Clear Technical Writing
Special Topics

Negative Expressions

Single negative

Using the word not can provide emphasis to a verb, adjective, or adverb.

We did not include comments.

Not many users complained.

It is not often a problem.

However, alternative wording can often make the reading easier.

We omitted comments.

Few users complained.

It is rarely a problem.

Double negative

It's okay to use a double negative when you want to emphasize something.

No, I did not say that.

But it's risky to use two negatives to cancel each other out into a positive.

I am not unaware of the facts.

It's risky because the reader temporarily loses focus to mentally recognize and decode the double negative. It's also risky because the reader's current mood can lead to misinterpretations about your tone. A reader in a good mood might think, "What a clever way to write that!" A reader in a foul mood might think, "What a jerk, talking down to me."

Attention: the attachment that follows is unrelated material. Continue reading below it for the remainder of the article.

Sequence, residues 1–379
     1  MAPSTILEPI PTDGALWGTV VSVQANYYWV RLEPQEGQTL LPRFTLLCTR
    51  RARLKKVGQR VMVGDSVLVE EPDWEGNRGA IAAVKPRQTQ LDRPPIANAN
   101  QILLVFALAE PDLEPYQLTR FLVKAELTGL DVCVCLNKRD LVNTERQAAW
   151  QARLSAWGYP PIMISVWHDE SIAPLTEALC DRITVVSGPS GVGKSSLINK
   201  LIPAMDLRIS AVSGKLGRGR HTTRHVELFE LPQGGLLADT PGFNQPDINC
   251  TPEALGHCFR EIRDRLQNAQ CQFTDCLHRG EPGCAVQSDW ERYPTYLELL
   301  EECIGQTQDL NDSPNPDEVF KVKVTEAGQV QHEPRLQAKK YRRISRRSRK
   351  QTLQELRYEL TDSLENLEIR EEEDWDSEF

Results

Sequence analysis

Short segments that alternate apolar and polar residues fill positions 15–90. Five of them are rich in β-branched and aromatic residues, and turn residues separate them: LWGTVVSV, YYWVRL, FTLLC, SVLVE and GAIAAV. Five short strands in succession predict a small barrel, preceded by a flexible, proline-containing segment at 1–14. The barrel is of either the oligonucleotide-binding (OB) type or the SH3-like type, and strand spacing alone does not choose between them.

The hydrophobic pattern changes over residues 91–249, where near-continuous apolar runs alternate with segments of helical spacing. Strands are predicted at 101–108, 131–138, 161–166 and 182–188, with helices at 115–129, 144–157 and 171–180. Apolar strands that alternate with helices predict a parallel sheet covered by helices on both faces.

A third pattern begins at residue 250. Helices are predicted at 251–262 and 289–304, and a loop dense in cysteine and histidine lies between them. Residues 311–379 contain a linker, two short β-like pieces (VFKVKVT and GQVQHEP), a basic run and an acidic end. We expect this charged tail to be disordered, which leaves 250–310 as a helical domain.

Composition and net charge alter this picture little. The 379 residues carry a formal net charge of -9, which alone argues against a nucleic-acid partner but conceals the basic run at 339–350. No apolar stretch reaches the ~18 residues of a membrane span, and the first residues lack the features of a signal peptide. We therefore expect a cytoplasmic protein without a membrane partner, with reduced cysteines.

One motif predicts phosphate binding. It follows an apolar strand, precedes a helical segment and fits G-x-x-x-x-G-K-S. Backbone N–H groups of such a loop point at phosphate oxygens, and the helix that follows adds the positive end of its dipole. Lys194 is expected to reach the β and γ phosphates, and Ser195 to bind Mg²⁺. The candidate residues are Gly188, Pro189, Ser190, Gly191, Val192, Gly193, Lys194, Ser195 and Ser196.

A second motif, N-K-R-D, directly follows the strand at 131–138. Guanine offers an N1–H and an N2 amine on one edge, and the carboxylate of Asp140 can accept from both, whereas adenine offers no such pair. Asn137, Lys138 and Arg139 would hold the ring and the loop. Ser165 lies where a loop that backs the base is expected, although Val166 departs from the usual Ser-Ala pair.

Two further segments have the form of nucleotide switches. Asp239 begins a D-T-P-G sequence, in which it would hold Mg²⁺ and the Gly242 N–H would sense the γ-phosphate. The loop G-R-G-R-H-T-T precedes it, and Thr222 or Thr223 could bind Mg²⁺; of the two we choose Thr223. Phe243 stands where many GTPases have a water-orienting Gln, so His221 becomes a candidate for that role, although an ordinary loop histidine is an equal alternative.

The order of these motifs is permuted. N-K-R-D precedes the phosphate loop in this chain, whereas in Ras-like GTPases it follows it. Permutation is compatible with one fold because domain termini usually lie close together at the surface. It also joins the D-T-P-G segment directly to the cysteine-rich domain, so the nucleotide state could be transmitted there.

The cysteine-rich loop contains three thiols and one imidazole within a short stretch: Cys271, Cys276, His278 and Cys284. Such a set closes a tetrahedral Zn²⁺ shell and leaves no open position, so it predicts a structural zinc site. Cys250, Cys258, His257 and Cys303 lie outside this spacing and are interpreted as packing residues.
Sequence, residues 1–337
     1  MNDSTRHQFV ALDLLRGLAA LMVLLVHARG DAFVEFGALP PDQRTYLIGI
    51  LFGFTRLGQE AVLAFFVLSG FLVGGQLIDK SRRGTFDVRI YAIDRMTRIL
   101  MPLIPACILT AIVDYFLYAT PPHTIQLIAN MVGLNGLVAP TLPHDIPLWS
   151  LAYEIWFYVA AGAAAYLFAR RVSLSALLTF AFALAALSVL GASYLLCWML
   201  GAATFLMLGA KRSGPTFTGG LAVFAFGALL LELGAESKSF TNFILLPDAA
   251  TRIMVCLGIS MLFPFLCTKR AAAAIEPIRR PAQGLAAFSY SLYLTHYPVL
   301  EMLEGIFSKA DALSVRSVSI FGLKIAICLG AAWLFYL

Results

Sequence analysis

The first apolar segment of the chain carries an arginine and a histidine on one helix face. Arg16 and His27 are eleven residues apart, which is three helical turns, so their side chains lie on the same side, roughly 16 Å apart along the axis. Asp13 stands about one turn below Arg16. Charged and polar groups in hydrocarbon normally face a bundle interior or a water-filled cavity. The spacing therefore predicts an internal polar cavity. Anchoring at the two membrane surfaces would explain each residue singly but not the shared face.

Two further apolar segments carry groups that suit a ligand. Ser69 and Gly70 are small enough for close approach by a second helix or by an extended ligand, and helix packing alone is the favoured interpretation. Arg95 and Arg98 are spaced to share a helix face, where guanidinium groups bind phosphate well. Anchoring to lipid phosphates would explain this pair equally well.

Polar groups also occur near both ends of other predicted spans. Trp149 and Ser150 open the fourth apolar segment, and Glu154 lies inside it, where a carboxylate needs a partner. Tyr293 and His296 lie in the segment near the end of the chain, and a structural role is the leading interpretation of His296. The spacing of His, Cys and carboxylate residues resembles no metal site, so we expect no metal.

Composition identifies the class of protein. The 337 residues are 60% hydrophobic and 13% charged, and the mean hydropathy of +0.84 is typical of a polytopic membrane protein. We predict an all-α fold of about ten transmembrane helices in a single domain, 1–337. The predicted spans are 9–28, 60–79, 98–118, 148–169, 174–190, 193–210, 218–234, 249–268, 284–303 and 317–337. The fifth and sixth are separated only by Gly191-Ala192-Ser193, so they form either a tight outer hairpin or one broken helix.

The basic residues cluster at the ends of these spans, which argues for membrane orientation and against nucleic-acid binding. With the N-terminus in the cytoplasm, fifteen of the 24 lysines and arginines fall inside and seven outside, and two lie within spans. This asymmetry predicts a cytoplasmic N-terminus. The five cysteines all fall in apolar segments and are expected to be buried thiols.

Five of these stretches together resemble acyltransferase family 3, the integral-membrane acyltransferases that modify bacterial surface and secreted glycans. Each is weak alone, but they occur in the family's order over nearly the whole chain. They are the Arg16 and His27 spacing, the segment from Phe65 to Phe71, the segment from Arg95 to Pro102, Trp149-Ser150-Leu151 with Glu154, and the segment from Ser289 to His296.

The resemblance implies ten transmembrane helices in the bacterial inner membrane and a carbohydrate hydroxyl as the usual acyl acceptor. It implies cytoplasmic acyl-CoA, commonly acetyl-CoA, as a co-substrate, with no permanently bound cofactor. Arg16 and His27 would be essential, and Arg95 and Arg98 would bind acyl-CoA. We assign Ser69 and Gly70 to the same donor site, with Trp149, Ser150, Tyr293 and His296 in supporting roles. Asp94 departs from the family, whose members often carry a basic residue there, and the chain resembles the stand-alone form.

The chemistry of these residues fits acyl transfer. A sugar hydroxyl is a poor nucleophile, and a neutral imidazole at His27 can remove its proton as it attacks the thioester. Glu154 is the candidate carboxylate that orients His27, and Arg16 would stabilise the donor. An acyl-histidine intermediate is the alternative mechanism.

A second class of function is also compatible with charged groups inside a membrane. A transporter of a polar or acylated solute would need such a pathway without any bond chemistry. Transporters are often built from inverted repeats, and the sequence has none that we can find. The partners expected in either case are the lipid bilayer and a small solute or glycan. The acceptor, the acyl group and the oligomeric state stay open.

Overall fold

In most technical writing, we should avoid purposeful double negatives.

I am aware of the facts.

Triple negative

Words with "negative" meanings include no, not, and neither .. nor. They also include a conjunction (unless), some prepositions (except, without) and many verbs (deny, fail, prevent, reject).

If you want your writing to be clear, avoid using three or more in a sentence.

Access will not be denied unless participants have failed to deliver applications without any mistakes.

There is seldom a single correct rewrite. Good editing takes time and effort, and skill developed with that time and effort. But the first step is recognizing the overuse of such negatives.

Edit your writing by underlining negative expressions.

He did not remember the plan. But we were not unkind about it. Without needing approval, he may reject delivery contracts that do not include weekdays, except Friday.

Lesson: Negative Expressions
Module: Special Topics
Course: Clear Technical Writing